Apple calls FBI iPhone request 'unprecedented' in court filing

Fri Feb 26, 2016 6:16am EST
 
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By Dan Levine and Joseph Menn

(Reuters) - Apple Inc (AAPL.O: Quote) on Thursday struck back in court against a U.S. government demand that it unlock an encrypted iPhone belonging to one of the San Bernardino shooters, arguing such a move would violate its free speech rights and override the will of Congress.

The high-stakes fight between Apple and the government burst into the open last week when the U.S. Federal Bureau of Investigation obtained a court order requiring Apple to write new software and take other measures to disable passcode protection and allow access to shooter Rizwan Farook's iPhone.

The clash has driven to the heart of a long-running debate over how much law enforcement and intelligence officials should be able to monitor digital communications.

Arguing that the court should throw out the order that it issued last week, Apple said in its brief on Thursday that software was a form of protected speech, and thus the Justice Department's demand violated the constitution.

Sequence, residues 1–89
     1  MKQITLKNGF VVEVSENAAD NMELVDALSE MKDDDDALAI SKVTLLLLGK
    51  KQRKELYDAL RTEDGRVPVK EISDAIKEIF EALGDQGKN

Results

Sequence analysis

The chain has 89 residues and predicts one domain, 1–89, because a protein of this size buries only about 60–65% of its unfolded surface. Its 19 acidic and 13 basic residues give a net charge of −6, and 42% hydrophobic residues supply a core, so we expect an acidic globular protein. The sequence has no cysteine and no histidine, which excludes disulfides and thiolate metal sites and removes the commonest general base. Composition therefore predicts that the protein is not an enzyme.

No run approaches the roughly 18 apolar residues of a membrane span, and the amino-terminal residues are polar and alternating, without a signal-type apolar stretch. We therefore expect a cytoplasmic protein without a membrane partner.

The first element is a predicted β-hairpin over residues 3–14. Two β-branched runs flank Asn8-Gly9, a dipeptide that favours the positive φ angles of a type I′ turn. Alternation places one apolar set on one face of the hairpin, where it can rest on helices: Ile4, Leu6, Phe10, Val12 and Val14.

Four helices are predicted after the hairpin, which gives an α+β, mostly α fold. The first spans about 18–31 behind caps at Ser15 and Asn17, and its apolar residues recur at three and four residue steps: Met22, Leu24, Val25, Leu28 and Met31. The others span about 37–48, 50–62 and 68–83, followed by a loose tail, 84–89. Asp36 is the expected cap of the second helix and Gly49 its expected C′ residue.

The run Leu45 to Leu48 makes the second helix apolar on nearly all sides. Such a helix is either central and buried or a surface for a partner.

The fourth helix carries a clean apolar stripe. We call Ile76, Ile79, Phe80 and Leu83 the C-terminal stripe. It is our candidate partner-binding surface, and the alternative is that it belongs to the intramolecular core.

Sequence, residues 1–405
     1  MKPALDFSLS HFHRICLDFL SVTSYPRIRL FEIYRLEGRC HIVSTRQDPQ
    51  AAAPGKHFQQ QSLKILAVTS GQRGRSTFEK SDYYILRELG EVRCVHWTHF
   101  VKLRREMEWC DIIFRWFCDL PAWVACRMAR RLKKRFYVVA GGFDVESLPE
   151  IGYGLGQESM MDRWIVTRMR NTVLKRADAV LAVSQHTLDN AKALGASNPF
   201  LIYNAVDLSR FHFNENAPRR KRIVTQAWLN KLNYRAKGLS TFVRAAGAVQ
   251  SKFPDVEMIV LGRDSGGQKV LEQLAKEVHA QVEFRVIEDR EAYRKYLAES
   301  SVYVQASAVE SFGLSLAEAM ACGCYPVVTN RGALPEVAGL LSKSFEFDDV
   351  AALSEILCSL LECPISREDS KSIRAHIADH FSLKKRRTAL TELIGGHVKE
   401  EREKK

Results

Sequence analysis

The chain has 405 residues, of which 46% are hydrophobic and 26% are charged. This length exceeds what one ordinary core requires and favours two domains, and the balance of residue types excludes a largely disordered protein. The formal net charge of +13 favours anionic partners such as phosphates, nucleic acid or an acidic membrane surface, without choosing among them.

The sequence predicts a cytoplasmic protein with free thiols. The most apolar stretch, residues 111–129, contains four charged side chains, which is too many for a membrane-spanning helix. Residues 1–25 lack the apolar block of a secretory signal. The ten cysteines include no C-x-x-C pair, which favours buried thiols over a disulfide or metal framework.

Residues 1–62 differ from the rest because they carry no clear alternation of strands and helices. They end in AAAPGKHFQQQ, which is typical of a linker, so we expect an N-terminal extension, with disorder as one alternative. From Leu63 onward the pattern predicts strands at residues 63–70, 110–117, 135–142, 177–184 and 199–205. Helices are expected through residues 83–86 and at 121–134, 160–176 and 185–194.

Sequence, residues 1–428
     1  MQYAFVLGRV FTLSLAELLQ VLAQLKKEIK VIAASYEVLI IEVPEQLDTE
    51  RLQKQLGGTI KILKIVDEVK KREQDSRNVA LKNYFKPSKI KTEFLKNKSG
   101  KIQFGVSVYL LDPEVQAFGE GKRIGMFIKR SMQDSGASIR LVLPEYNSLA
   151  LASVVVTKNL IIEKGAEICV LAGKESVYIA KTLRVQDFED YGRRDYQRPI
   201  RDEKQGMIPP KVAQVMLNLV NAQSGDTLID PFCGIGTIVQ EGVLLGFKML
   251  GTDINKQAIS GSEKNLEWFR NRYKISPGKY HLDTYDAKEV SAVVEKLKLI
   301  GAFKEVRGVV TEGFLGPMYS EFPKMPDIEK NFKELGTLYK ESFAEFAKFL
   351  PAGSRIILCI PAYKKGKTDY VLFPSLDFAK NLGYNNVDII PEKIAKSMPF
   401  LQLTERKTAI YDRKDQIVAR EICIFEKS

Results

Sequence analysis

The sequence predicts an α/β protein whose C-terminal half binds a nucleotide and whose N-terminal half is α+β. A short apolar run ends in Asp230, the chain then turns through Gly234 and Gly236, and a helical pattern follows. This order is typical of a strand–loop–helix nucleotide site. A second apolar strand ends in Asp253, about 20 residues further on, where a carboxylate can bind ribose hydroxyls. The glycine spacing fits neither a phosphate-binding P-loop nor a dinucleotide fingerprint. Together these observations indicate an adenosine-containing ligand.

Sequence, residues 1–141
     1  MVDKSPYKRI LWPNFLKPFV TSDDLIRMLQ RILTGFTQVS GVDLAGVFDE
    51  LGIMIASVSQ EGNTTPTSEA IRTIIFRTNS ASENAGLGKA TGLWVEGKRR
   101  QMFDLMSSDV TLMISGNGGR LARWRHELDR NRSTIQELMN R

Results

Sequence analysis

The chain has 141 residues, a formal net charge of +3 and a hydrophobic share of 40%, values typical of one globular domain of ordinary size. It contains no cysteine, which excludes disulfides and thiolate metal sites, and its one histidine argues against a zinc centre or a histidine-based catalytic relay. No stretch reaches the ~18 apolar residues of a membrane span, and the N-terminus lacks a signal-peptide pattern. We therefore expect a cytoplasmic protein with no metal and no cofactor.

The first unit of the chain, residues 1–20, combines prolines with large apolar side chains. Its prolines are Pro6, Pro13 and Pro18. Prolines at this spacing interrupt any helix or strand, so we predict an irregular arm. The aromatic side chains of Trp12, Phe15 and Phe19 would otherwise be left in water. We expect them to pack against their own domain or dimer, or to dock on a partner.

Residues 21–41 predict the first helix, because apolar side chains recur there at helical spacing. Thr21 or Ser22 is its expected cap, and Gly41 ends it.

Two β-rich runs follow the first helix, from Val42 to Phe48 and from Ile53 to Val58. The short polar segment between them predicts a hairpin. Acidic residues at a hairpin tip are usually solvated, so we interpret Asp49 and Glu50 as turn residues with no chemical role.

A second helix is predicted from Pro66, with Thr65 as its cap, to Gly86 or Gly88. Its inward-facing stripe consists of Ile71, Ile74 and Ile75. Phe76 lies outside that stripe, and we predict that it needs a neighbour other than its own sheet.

"The government's request here creates an unprecedented burden on Apple and violates Apple's First Amendment rights against compelled speech," it said.

Apple also contended that the court was over-stepping its jurisdiction, noting that Congress had rejected legislation that would have required companies to do the things the government is asking Apple to do in this case.

"No court has ever authorized what the government now seeks, no law supports such unlimited and sweeping use of the judicial process, and the Constitution forbids it," Apple said in its filing.

The government argues that the All Writs Act, a broad 1789 law which enables judges to require actions necessary to enforce their own orders, compels Apple to comply with its request.   Continued...

 
A worker climbs outside an Apple store in Hong Kong, China, in this April 10, 2013 file photo.   REUTERS/Bobby Yip/Files